Thursday 14 July 2016
A meeting of the Economic and Financial Affairs Council took place in Luxembourg on 17 June 2016. EU Finance Ministers discussed the following items:
Anti-tax avoidance directive
The Council reached political agreement to the anti-tax avoidance directive.
Financial transaction tax
A brief update was provided on the progress regarding implementing a financial transaction tax in participating member states. The UK is not taking part in the financial transaction tax.
Strengthening the banking union
Council conclusions were agreed on measures to strengthen the banking union.
Current legislative proposals
The presidency updated the Council on the state of play regarding a number of financial services dossiers.
State of play of the banking union
Belgium provided an update on its transposition of the bank resolution and recovery directive and the deposit guarantee scheme directive as the only remaining member state yet to complete this.
Analysis by the Commission on temporary VAT derogations (reverse charge mechanism)
The Commission agreed to bring forward a legislative proposal to allow certain member states to apply a generalised reversal of liability for VAT payments.
Implementation of the stability and growth pact
The Council endorsed decisions to close the excessive deficit procedures for Cyprus, Ireland and Slovenia.
Report of the European Court of Auditors on the excessive deficit procedure
The Council adopted conclusions on a report of the European Court of Auditors regarding the excessive deficit procedure. This item moved to an “A” point with no discussion.
Contribution to the European Council meeting on 28-29 June 2016
The Council prepared a number of items ahead of June European Council. Specifically, Ministers endorsed the 2016 country specific recommendations, part of the European semester process.
Following this, views were exchanged on a number of issues including economic and fiscal governance and the investment plan for Europe. The item on national productivity boards moved to an “A” point with no discussion.
Environment, Food and Rural Affairs
Agriculture and Fisheries Council
My noble friend, the Lords spokesman for the Department for Environment, Food and Rural Affairs (Lord Gardiner), represented the UK at the Agriculture and Fisheries Council on 27 and 28 June in Luxembourg.
Commissioner Hogan made a short presentation with an overview of the various agricultural commodity markets and summarised all the support measures already in place to support farmers. The commissioner urged those member states yet to declare their expenditure from the September package to make full use of it. The UK distributed its share of targeted aid in December 2015 to help producers with their immediate cash-flow. The commissioner concluded by confirming that he will bring forward a new package of measures at the July Council which was supported by a number of member states, most notably Germany, France and Poland.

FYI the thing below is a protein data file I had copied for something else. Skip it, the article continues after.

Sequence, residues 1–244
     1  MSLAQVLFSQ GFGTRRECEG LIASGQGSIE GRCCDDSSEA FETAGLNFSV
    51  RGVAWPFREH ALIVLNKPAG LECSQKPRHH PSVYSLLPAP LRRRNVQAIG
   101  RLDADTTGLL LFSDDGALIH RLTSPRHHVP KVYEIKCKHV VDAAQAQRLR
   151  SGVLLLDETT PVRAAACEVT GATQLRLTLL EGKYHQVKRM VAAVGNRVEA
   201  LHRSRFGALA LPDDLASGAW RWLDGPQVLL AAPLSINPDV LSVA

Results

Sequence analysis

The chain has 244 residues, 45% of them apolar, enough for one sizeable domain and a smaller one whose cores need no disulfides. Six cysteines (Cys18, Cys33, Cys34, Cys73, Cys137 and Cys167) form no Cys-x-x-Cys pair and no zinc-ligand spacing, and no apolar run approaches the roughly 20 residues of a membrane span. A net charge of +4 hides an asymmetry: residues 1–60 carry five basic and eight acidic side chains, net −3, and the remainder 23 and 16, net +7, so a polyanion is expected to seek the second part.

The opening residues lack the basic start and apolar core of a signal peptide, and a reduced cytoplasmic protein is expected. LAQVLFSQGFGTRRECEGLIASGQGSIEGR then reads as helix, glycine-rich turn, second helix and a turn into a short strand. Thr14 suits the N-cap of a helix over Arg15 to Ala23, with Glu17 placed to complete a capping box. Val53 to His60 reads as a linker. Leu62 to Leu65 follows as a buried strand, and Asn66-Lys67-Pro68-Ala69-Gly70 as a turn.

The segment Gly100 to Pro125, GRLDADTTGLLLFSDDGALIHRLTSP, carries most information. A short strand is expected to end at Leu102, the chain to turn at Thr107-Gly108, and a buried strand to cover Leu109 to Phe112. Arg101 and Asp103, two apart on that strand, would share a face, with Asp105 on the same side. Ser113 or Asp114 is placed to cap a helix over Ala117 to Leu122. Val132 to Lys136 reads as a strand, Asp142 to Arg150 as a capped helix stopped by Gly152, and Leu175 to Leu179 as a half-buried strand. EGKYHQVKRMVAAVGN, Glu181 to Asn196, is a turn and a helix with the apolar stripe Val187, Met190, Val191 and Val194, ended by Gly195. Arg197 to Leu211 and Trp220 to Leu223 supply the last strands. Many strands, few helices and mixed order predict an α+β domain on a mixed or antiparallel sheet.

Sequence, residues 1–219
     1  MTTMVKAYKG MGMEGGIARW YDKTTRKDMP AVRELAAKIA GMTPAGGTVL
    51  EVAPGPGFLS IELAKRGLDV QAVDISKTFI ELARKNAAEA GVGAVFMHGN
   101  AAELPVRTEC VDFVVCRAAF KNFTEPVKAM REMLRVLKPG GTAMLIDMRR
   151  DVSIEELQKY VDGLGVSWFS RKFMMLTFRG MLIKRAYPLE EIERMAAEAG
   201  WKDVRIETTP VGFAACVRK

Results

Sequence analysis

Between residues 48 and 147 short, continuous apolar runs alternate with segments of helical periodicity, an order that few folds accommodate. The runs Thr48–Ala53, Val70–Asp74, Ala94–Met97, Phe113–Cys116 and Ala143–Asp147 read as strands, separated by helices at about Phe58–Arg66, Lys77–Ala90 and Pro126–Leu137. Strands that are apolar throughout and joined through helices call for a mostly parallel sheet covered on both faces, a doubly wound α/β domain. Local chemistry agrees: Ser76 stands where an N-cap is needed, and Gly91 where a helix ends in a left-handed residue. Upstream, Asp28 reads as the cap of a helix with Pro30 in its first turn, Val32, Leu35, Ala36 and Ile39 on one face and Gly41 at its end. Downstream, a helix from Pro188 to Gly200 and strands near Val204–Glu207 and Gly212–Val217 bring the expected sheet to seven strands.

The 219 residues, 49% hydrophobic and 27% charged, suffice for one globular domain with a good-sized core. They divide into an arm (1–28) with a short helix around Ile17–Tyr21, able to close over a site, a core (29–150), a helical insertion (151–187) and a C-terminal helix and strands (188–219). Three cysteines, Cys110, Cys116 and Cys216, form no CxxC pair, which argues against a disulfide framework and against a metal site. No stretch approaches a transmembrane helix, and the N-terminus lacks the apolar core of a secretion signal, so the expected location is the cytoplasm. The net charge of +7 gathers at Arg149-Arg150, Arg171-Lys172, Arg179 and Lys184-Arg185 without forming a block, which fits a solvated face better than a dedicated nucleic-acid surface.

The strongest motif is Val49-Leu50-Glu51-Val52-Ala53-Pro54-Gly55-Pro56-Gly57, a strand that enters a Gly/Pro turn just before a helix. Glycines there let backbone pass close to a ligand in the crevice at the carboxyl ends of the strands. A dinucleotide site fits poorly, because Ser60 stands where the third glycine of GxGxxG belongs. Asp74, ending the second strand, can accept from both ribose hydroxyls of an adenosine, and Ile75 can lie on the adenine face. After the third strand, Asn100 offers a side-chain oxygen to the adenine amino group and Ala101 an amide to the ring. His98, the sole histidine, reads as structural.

The Chair of the Agricultural Markets Taskforce (AMT), Cees Veerman, presented the Council with an update on the proposals being prepared for autumn 2016. The AMT is focusing on helping producers manage price volatility by identifying new structural measures.
The presidency explained that its compromise text on sustainable management of external fishing fleets, now took account of member state requests to simplify the management systems and ensure consistency with the control regulation.
Commissioner Vella presented his policy orientation for the setting of fishing opportunities in 2017. He noted the good progress made in many seas and stocks, for example cod and plaice in the North Sea, but also the continuing problems in the Mediterranean. The UK argued that exceptions to reaching maximum sustainable yield targets would need to be made in some cases in order to avoid clashes with other objectives of the reformed common fisheries policy. Other MS, including the UK, pointed to the difficulties inherent in implementing the landing obligation, which will see an end to the wasteful practice of discarding of dead fish at sea.
Any other business items
The Commission updated the Council on the various initiatives which were tackling the serious state of the Mediterranean’s fish stocks.
Finland called on the Commission to resolve an issue connected with an oversight in the common provisions’ regulation.
Council conclusions for FLEGT were adopted.